“Downton Abbey Continues Its Sadistic Streak Against Women” is the title of an article in Slate Magazine by June Thomas, and I’m afraid it annoyed me. Perhaps I’m not qualified to comment, as I haven’t seen the latest episodes of that TV series. In fact, I stopped watching about halfway through the second season.
But I wonder if the reason for the trauma of Downton Abbey women is perhaps this:
Almost every culture throughout history has been stacked against women. One could argue that the writer of Downton Abbey, Julian Fellowes, is just telling it as it was (taking into consideration that any drama is going to up the trauma beyond the norms of most normal lives, for both men and women).
Life was often particularly nasty to those women who didn’t conform, and to women who were the first to step away from cultural restrictions. If they were backed
by money, or possessed power in their own right, or were protected by
the power of the men in their life, they could get away with it.
Otherwise? There were unpleasant consequences.
Portraying women in fiction as perpetual victims is annoying, especially if they are always being saved by a man–but we can also go too far if we are critical because fictional women have a tough time. I don’t want to see writers making women too powerful and confident to fit their culture and upbringing and influences. I don’t want to see writers making the repercussions of rebellion too mild for their historical or cultural setting. I don’t want to see writers glossing over how tough it was to be female, how careful you had to be, and how painful if you were unlucky.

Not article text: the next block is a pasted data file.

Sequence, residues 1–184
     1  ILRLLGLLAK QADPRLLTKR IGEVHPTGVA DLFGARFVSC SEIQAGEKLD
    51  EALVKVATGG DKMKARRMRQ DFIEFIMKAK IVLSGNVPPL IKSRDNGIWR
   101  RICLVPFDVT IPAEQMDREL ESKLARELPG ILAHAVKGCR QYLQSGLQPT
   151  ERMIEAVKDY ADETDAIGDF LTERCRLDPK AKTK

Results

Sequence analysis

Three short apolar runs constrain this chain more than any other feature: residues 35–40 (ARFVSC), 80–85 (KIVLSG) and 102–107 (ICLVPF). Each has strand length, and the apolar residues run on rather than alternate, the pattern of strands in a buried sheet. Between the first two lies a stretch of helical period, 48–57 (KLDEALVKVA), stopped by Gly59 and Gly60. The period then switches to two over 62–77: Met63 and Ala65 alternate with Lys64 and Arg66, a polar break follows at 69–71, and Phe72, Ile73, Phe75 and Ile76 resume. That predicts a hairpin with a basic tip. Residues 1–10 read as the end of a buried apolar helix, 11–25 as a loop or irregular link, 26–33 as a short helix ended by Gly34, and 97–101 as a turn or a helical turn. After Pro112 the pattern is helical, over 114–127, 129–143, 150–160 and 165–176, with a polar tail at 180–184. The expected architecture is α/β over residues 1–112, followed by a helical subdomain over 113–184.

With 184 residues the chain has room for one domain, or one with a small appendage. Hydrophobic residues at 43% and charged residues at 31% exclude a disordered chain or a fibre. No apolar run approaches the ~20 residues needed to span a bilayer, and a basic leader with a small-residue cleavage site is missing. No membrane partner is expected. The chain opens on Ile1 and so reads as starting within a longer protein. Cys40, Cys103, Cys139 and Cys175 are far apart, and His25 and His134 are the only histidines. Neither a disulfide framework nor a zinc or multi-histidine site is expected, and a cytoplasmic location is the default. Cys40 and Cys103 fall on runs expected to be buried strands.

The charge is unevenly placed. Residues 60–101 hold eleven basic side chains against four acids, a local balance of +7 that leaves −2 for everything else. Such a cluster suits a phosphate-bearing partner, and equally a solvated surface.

June Thomas ends with these words:
A woman loses a baby, sister, daughter, or husband, or is humiliated in
front of her family and friends, and we get to watch them recover.
Raping a beloved character is just latest of the show’s experiments in
Er, what? When a woman loses a loved one, isn’t someone else usually just as traumatised by the death, like…a husband or a father by the death of a child? And when a husband dies…um, isn’t he a man? He just lost his life …and nothing bad happened to that character? And if a woman is raped–well, you know what? It still happens!
It seems to me that when we underplay the traumatic events in the lives of women, we are ignoring historical (or present day) truths. Where we as writers can excel is in showing how strong women can be when confronted with trauma. We can portray our fictional women characters as survivors and heroes. But if we downplay the kind of horrors that happen to fictional women simply because they are women, then we are pretending something that’s not true in the real world.
Historically women do have it harder. In many, many parts of the world, even in our own societies, they still do. Let’s not gloss over it.